Waking at 3:30 a.m. is the least of my concerns. We haven’t really been sleeping anyway. Our minds are filled with “What Ifs?” and scenarios that leave us wondering if we are struggling against basic fear, or fighting intuition.
Alpine climbing is a labor of love…it’s type 10 fun…the kind of fun that doesn’t have to be fun to be fun. In fact, most of the time spent in the actual activity is consumed by the minds’ pursuit of the base desire that has thrust you into the situation to begin with. In short, it is not something that makes a tremendous amount of sense.
Following your instincts isn’t really an option because your instincts tell you not to leave the ground. But conversely, not leaving the ground isn’t a viable option either…because fighting your desire to climb leaves you more miserable than the climbing itself.
We think about friends we’ve lost in the mountains and wonder if they were feeling the same thing the last morning they crawled from their respective tents. There is a massive question mark that hangs gloomily above the whole situation, and this morning is no different.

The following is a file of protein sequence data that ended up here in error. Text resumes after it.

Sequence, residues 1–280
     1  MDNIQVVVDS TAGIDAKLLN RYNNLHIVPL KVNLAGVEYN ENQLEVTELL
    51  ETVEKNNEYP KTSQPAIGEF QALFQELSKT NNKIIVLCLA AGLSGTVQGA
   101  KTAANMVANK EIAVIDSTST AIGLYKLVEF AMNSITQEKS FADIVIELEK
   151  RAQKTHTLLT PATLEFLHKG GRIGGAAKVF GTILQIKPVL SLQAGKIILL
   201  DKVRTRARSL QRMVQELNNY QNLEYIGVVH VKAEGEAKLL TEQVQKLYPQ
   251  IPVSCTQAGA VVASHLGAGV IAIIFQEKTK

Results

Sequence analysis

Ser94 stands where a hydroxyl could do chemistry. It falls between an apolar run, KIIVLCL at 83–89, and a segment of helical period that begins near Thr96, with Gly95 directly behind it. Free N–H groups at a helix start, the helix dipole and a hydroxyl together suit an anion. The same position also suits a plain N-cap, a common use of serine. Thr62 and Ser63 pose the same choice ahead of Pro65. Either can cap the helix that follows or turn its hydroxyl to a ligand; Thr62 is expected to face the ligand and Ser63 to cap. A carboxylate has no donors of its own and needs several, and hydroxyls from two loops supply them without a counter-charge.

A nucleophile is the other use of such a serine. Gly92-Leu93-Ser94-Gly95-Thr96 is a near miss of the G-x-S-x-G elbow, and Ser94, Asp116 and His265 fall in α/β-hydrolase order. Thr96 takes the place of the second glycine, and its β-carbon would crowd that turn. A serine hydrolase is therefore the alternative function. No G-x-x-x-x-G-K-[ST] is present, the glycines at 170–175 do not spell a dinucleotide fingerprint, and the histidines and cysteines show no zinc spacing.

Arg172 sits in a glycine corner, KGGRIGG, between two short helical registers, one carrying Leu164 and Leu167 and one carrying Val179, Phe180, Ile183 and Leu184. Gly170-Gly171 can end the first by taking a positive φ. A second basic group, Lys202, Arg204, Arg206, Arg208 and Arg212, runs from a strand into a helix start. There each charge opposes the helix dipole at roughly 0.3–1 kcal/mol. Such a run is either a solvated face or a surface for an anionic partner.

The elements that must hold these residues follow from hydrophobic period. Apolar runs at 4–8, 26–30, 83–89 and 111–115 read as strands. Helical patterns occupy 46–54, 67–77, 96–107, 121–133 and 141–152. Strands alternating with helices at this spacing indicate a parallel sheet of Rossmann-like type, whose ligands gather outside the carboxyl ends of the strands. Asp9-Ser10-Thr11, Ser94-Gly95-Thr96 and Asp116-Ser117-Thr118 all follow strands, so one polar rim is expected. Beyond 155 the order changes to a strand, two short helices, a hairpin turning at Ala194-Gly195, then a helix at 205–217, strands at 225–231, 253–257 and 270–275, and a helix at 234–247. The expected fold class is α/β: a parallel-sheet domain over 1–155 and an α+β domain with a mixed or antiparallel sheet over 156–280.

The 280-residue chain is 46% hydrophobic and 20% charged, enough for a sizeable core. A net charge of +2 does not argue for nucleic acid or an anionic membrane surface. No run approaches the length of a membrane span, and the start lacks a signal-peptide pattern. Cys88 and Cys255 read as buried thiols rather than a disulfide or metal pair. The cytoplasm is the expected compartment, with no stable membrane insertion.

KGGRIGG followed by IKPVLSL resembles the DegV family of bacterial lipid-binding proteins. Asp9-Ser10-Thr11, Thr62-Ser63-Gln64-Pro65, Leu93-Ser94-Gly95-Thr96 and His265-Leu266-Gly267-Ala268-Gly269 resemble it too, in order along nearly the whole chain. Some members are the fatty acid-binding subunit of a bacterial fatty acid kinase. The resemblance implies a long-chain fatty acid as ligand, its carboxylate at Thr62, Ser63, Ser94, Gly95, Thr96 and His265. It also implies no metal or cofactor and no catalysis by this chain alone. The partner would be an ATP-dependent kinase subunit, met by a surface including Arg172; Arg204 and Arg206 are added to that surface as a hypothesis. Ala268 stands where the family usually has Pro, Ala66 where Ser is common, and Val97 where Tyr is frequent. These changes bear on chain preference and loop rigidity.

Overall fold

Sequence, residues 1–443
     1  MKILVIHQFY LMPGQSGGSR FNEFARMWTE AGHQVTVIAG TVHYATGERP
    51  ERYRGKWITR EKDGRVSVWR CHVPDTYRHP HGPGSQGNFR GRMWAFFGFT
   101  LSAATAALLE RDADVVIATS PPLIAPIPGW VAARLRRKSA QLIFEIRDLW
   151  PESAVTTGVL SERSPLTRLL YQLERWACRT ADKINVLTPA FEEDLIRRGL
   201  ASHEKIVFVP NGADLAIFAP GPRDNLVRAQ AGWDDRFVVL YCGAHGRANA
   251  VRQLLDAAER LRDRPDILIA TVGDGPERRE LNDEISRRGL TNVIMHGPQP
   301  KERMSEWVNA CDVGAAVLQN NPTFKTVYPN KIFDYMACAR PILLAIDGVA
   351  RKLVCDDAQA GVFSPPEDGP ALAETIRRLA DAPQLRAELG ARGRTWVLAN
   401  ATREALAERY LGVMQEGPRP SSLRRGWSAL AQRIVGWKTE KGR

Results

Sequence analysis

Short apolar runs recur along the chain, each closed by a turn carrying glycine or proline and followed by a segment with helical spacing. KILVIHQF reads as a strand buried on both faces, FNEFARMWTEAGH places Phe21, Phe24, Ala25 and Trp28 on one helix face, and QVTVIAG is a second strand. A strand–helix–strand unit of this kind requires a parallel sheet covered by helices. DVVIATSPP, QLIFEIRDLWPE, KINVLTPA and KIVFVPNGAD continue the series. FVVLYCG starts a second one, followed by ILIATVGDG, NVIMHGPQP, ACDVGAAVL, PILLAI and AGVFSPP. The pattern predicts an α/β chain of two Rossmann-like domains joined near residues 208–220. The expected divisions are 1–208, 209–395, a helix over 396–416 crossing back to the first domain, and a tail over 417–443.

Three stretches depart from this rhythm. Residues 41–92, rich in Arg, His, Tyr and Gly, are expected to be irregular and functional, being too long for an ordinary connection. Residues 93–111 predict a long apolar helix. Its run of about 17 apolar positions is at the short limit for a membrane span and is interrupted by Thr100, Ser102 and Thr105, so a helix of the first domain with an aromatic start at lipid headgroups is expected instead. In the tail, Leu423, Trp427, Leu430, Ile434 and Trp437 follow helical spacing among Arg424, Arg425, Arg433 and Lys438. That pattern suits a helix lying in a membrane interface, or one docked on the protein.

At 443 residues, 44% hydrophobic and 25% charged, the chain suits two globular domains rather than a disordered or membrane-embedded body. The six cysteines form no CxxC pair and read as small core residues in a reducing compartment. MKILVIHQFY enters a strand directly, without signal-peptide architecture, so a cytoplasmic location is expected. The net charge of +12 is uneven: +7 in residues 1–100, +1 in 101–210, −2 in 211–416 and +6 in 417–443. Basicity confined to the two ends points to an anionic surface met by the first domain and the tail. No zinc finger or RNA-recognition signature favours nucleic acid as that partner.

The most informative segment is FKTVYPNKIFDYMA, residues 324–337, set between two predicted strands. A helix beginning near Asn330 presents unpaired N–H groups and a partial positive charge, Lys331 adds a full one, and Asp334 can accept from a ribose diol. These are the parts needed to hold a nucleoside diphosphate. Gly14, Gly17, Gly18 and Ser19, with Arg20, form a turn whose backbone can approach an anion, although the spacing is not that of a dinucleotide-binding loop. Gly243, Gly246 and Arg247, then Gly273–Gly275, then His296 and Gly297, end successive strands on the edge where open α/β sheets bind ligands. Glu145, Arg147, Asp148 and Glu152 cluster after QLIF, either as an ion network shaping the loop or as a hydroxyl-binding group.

I light the incense and tuck it into the makeshift Stupa. Over my shoulders, pre-dawn light outlines the horizon…the dark figures of Makalu, Baruntse, and Ama Dablam. The last of the gear is shoved into the packs in silence as our labored breath rises into the light of our headlamps. The only thing left to do is start climbing. Greater fears are boiled down to specific distractions: Will there be water? Will the weather hold? Can we climb fast enough? And before we know it, the sun warms our backs and we are high above the valley floor on new terrain. The fear melts and melds with joy to create a hybrid emotion that feels almost tangible.
Like my friend Colin Moorehead says, “Climbing is the truth.”
c & r
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